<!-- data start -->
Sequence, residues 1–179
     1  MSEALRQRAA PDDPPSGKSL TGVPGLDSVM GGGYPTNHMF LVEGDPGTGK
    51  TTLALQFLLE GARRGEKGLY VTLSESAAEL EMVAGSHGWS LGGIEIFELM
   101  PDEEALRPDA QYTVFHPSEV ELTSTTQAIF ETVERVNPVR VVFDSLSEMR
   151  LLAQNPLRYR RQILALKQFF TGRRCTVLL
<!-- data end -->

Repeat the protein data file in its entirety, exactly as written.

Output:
Sequence, residues 1–179
     1  MSEALRQRAA PDDPPSGKSL TGVPGLDSVM GGGYPTNHMF LVEGDPGTGK
    51  TTLALQFLLE GARRGEKGLY VTLSESAAEL EMVAGSHGWS LGGIEIFELM
   101  PDEEALRPDA QYTVFHPSEV ELTSTTQAIF ETVERVNPVR VVFDSLSEMR
   151  LLAQNPLRYR RQILALKQFF TGRRCTVLL